Androgenetic Alopecia: How common is it?

By  ,  Onlymyhealth editorial team
Jan 25, 2013

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Quick Bites

  • It is more common in men as compared to women.
  • In women, postmenopausal women are at a higher risk.
  • It is more common in families with history of androgenetic alopecia.
  • May be treated medically or surgically.


Androgenetic alopecia, also known as pattern baldness, is a common condition of hair loss in both men and women. The condition causes significant hair loss that usually follows a pattern. In men, the hair loss starts above both the temples and over time the hairline recedes forming a ‘M’ shape. The crown of the head may also experience heavy hair loss or thinning leading to partial or complete baldness at the top of the head. The pattern in women is quite different than the male-pattern baldness. In this case the hair gets thinner all over the head without any change in the hairline.

hair fall


The condition affects millions of men and women around the world.  It can start as early as the teen years however the risk for the condition increases with age. The condition is present in about 50% of men above 50 and 13% of premenopausal women. The risk increases greatly in postmenopausal women. Normally hair grow in cycles of 2 to 6 years however in people with androgenetic alopecia, the cycles are reduce to only 6 to 8 months leading to thinner and lesser hair on the head. Also there is a delay in the growth of new hair to replace the lost hair.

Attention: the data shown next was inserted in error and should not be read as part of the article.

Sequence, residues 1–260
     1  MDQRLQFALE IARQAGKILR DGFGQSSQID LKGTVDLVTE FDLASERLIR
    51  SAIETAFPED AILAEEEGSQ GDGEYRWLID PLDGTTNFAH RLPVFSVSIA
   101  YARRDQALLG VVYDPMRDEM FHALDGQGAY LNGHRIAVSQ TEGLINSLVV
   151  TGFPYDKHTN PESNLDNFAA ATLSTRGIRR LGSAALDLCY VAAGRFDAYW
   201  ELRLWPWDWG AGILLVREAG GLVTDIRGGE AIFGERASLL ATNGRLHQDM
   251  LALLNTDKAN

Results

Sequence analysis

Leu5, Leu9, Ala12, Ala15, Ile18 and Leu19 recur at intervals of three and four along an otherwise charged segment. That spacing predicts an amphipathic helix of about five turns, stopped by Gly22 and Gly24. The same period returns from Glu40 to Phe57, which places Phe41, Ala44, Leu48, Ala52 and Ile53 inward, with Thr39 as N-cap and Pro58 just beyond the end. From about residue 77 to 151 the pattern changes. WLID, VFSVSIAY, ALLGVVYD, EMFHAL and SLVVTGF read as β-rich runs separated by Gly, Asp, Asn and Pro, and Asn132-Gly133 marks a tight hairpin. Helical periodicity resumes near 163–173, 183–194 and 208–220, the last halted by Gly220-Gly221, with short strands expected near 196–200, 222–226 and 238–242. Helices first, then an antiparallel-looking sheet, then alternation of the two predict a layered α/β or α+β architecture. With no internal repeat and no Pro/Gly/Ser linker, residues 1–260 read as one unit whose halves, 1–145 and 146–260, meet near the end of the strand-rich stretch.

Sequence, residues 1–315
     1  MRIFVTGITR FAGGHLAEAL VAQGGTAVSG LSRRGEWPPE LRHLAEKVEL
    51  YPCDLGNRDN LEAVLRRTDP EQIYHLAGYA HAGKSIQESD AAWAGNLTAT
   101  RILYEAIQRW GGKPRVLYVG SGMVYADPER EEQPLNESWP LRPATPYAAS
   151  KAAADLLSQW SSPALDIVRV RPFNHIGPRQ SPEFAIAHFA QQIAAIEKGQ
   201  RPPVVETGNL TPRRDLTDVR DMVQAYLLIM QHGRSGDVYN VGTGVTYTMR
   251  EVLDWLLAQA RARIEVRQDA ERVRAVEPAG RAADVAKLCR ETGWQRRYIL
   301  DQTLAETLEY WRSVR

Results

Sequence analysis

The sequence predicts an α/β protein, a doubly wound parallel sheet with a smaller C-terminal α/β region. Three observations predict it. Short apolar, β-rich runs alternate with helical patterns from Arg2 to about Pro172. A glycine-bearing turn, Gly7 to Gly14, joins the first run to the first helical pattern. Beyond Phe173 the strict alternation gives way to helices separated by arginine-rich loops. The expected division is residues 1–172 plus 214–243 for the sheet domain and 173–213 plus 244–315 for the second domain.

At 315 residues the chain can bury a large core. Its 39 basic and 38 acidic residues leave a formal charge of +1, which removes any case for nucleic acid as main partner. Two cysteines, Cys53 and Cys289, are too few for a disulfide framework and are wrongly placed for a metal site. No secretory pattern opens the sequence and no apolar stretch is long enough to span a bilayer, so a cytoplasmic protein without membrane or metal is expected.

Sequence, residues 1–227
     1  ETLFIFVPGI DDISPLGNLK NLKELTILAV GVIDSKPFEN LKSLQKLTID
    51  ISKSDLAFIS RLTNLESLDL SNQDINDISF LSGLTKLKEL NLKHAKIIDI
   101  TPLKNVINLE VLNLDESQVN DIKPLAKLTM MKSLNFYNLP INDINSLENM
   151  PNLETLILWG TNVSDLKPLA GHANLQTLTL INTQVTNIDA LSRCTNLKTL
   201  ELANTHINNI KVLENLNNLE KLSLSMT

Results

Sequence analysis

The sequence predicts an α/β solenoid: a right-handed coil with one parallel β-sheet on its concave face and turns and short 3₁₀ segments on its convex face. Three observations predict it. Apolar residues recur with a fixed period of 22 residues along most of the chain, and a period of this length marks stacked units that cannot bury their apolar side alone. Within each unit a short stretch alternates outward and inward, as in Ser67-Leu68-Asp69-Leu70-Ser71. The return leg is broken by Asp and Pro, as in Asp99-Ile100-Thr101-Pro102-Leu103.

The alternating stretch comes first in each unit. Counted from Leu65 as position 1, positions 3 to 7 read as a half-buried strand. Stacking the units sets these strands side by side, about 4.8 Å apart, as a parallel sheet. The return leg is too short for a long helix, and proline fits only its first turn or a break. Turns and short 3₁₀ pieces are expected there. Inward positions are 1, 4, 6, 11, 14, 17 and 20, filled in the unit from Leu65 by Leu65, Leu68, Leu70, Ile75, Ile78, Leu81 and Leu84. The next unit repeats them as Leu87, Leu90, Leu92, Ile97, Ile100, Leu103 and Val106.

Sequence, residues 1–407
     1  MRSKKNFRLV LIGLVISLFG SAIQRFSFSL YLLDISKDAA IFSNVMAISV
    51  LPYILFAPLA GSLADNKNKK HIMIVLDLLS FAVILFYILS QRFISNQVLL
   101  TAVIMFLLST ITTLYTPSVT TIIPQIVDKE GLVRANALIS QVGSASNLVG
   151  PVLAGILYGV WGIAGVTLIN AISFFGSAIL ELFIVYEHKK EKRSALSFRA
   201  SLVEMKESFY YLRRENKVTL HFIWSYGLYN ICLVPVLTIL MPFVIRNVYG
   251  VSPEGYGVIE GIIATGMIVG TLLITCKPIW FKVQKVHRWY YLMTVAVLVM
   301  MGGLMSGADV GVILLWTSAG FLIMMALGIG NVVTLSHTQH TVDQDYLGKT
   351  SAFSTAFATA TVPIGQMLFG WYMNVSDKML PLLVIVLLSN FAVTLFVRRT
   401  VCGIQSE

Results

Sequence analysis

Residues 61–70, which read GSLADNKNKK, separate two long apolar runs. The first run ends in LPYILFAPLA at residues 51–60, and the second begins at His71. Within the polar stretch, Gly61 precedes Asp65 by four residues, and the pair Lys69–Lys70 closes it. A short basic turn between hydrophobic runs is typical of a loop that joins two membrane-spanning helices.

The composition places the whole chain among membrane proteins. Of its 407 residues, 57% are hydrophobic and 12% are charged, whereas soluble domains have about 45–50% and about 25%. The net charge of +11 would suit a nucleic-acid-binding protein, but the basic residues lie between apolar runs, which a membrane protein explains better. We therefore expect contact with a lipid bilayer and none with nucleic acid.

In men, the condition has also been associated with conditions such as coronary heart disease, hypertension, diabetes, obesity, and enlargement of the prostate. In women, it has been associated with hormonal imbalance such as polycystic ovary syndrome. While androgenetic alopecia may cause complete baldness in men, it rarely leads to total baldness in women. The condition is more common in men as compared to women.


Scientists are unsure about the inheritance pattern of androgenetic alopecia as several genetic and environmental factors play role in the development of the condition. However, heredity plays a major role in the conditions as the condition tends to be more common in families that have a close relative with pattern hair loss. Androgenic alopecia in women is caused by hormonal imbalance especial that of the androgens that are typically present in only small amounts.


Currently there are three common types of treatments available for the condition.


Medicines such minoxidil and finasteride are used to treat the condition or prevent from developing further.


There are surgical options such hair transplants and scalp reduction procedures available to make up for the pattern created by the baldness..

Camouflaging :

Hair enhancers such as shampoos, mousses, and sprays are used to delay and reduce the hair loss. This is the most common approach to deal with the condition.

Image Courtesy : Getty

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